Activists speak out against $16 million increase in St. Pete’s proposed police budget

El Chesson wearing a shirt reading, "Rent Control Now!" By: Josh Holton (07/15/23)

Activists have come out against a 16 million dollar increase in the City of St. Petersburg budget for police and public safety while other community needs have not been prioritized. Over a dozen affordable housing advocates rallied in St. Petersburg on Saturday.

The President Barack Obama Main Library has been closed for renovation and asbestos removal for two years now, leaving St. Petersburg residents without access to the city’s main library. The activists protested outside. El Chesson said this leaves residents without a vital informational resource and refuge from the sweltering summer heat.

“The library is one of those sanctuaries for people who don’t have cars, that don’t have housing, who can afford to go hang out in a coffee shop. That’s why we need public libraries. And this, this is one of you know, this is the main library. This is in a central location in St. Pete. And it’s been very disruptive for with it being closed.”

Chesson is with The Party for Socialism and Liberation as well as the St. Pete Tenants Union. They wore a shirt saying that “housing is a human right,” and they connected the issue of scarce affordable housing and evictions to the proposed increases to the city police budget.

“Because the police are the ones who show up to do the evictions. The police are the ones who protect private property. There’s really no excuse that this project is still being dragged on the instead of funding the police. They should be funding our needs, which is housing. No one should be on the street, and that could easily be remedied by instead of funding the police, they fund our needs.”


Daniel Tyson is with the St. Pete Tenants Union and said the bay area should look at getting to the root of crime by taking lessons from other major Florida cities.

“Didn’t take care of the neighborhoods, didn’t take care of the racism, didn’t take care of the housing. And what happened. All three of those things. By the time the 80s and 90s came around West Palm Beach, Fort Lauderdale, and Miami became murder and crime capitals.”

Tyson gave Mayor Ken Welch credit for making an effort to connect with citizens but said that he would like to see that concern for the people represented in his proposed budget.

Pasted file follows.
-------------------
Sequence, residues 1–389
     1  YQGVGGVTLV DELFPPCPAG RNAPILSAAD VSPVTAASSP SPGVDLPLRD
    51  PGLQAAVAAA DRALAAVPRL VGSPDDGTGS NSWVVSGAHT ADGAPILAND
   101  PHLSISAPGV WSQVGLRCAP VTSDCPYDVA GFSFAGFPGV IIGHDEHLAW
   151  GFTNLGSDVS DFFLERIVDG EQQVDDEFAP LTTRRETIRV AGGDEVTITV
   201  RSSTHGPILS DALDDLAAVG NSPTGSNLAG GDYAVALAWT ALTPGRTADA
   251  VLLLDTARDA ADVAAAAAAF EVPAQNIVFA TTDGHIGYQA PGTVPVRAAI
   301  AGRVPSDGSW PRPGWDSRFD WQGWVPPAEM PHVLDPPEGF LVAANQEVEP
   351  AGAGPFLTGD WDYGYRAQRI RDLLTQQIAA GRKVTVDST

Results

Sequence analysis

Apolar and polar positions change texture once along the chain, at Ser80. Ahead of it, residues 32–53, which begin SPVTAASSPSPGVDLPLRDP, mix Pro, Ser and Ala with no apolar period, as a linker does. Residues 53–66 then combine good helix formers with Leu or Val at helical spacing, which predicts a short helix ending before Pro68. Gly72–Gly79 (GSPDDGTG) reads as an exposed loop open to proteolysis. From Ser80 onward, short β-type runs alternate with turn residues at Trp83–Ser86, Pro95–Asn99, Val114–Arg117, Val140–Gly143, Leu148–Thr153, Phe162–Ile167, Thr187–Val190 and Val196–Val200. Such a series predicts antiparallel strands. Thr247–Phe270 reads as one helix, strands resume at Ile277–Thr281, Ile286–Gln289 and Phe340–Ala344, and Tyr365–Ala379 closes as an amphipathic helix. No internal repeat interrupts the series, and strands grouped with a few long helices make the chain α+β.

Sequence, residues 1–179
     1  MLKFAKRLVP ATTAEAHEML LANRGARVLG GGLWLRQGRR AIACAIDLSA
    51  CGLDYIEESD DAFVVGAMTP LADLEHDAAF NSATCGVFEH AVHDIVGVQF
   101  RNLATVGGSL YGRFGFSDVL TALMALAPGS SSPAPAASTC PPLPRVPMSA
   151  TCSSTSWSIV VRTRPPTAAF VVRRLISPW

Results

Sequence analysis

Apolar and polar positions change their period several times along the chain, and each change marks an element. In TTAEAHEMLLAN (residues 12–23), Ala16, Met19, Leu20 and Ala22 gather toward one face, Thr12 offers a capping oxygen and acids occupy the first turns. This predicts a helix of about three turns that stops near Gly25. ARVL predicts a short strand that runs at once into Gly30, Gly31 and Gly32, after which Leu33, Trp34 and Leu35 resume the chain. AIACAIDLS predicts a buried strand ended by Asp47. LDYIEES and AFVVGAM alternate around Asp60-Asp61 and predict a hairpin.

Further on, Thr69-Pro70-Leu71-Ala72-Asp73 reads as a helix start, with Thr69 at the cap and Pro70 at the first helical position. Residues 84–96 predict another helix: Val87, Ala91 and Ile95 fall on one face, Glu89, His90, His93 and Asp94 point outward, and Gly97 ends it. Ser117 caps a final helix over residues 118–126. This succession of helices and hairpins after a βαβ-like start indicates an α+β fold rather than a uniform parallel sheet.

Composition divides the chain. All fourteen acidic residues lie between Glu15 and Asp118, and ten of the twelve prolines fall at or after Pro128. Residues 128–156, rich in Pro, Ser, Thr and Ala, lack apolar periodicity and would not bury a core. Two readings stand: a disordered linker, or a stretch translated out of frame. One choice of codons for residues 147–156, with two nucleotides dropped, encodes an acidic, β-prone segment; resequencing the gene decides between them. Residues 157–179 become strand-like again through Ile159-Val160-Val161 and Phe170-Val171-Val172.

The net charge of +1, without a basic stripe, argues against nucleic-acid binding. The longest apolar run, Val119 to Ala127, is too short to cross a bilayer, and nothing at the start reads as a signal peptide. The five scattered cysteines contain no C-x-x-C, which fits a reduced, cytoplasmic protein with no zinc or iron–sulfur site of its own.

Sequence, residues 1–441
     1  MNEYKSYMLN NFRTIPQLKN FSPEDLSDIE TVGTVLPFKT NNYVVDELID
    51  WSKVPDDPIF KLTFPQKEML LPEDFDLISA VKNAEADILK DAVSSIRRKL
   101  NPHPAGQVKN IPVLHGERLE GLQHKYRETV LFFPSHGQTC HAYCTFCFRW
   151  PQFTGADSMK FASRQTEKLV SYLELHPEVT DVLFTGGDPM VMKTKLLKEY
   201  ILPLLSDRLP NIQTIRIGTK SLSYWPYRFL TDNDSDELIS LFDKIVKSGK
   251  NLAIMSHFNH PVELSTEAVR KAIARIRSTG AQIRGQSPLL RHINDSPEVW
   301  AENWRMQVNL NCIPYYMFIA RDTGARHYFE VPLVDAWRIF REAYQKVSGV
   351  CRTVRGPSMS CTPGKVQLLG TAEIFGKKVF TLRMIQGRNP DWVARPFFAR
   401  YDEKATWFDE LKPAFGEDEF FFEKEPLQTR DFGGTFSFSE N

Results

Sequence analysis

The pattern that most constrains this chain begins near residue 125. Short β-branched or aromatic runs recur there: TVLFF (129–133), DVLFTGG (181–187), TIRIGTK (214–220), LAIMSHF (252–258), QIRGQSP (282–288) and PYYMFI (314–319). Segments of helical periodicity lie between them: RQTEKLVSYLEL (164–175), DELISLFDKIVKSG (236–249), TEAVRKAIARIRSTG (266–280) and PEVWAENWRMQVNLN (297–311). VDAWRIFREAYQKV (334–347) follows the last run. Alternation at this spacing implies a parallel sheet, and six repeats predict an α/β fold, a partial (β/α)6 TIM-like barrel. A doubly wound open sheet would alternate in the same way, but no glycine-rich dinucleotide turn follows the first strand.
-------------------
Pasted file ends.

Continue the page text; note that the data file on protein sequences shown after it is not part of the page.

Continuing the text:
“Okay, we have a $337 million budget. We can’t commit 13 million to human services and public housing and infrastructure, and live the truth? And assistance, rental assistance, food assistance? Just assistance! Nobody’s asking for a meal ticket, but you can’t make an inhospitable economic warfare against your own citizens, and that’s what’s happening.”

Organizers questioned the need for more police funding with crime in the area decreasing 21 % in the last 5 years. They argued the real root of many crimes is poverty, and that improving living conditions by doing things like opening the main library could have the most impact on building safer communities.


City of St. Petersburg Budget Milestones

  • July 13, 2023 – Mayor submits recommended FY24 Budget to City Council
    July 20, 2023 – City Council adopts tentative millage rate and sets September FY24 Budget Public Hearing dates/times

The City of St. Petersburg will host public hearings for the Fiscal Year 2024 City budget

  • Public Hearing #1: City Council adopts the tentative FY24 City Budget and millage rate.
    Sept. 14, 2023 at 6 p.m.
  • Public Hearing #2: City Council considers adoption of the final FY24 Budget and millage rate, and approval of the Capital Improvements Plan.
    Sept. 28, 2023 at 6 p.m.

Oct. 1, 2023 – Fiscal Year 2024 budget begins

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